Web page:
That is what my bike has meant to me over the past four years, a permission slip to blossom into my own potential. It has been a time full of these kinds of "aha" moments as I've been inspired to find a way to share the concept of incorporating a bike into ones daily life in as beautifully and engagingly as I can image, and this has opened up whole new worlds for me not only here locally in Long Beach, but on a regional, state and national level.
And I'm so excited we're here now taking the next steps. But it hasn't been easy.
If you have been a reader of our previous website and project Women on Bikes SoCal you know that there has been a several month delay in getting this website up. I too deal with an illness and in my case it's chronic tension headaches and migraines (which are now considered a neurological disorder). This summer and fall have been very challenging as I've tried different approaches to reducing the amount of medication I take daily to deal with the pain, because the very medication that helps with daily pain also causes more frequent headaches and migraines that can last up to 72 hours.
My first goal, back in June, was to stop taking ibuprofen daily. I take 200 mg. three times a day (much less than I used to, but still it's daily use). I had read that one can stop rebound pain on ibuprofen by going cold turkey without it for one week. I've been on it for a long long time, and feared it would take longer for me to see results, but I decided to give it a try. I made it almost two weeks (alas with reduction and rather an increase in pain) and then fatigue at the level I haven't dealt with in a decade reared its head followed by one of the longest, head in the toilet frequently, worst migraines I can remember.
I tried another round to the same results. It took weeks for the fatigue to fade back to what I'm used to handling. Next I tried stopping taking the muscle relaxant Flexeril - daily and much of the same thing happened.
And on top of all of this came pain in one breast (which I thought was probably just stress related but needed a mammogram and then an ultrasound to make sure - I'm still waiting on the final word) and the dreaded hotflashes of menopause (which run through my body like an electric shock) and are at their worst the more stressed I feel.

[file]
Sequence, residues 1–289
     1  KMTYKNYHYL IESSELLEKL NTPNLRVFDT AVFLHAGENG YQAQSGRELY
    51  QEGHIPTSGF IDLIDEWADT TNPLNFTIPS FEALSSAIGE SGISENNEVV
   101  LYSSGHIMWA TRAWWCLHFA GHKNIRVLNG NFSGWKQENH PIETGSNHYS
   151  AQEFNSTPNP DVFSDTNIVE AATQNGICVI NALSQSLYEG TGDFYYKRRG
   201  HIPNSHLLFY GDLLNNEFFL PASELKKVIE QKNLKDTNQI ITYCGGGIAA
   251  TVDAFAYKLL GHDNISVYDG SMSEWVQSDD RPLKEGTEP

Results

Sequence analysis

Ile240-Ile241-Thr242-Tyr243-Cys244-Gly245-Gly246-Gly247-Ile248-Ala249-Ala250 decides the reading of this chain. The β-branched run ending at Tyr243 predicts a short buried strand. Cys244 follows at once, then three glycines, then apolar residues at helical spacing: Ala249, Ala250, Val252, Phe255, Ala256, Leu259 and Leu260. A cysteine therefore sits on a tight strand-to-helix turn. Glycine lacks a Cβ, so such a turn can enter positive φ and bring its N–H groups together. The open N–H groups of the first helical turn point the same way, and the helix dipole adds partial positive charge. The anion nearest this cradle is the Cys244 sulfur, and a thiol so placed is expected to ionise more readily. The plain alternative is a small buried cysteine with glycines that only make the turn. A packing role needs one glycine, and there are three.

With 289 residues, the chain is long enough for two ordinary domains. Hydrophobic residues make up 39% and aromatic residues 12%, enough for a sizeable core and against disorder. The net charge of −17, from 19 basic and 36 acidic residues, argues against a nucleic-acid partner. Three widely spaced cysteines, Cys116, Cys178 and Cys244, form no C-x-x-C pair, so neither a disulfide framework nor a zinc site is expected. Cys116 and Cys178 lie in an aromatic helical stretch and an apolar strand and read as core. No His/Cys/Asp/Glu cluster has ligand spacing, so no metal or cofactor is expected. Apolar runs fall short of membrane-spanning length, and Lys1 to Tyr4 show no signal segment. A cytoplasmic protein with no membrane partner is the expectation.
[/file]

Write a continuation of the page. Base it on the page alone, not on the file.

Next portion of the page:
Finally I faced the reality that I am only going to make progress getting better the way I have since the migraines first became an almost daily thing 14 years ago - by taking very small baby steps. By inching my way along to healing. So I cut the Flexeril in half, and then after about a month, in quarters. And that's where I'm at today. I'm feeling better, moving slowly but steadily, and I'm back to feeling confident progress can be made. In everything.
While I was going through all of this I was both being the Summit Coordinator for the California by Bike summit and trying to put together this new Pedal Love website and the launch of the new Women on Bikes California initiative. Amazing things were happening, such as the beautiful images Lisa Anderson was getting of our creative team members, and a video shoot with Allan Crawford and Lisa Anderson and starring Kellie Morris so that we can compile our first "Pedal Love" video.
But the challenges continued...for every wonderful step forward there were steps back, like my computer crashing with a terrible malware virus. It took over a week to fix and it's still not back to where it was. And these steps backwards would bring up fear that I was being crazy in my vision for Pedal Love and especially for the Women on Bikes California initiative. Who am I, I'd think, to even imagine I have the energy and skills to help make this happen?
Happily the truth is that I can't do it all alone. I am getting better and better at asking for help. From the very get go Women on Bikes SoCal attracted such wonderful people to the cause, and this new website and initiative continue to do so. I am humbled and grateful by the talent and generosity of who is showing up and I can't wait for all of them to share their stories with you. And for you to share your story with us.
So what does your bike mean to you? Every time I take my bike out for a spin I'm filled with the same joy of being self propelled that I had as a child. How about you? And I feel so fortunate that it's a healthy way to travel, a way that helps build and maintain my strength even as I deal with other health challenges, that keeps me so well connected to my neighborhood and my city.
Read Melissa's "Bike Minded Market Watch" blog archive.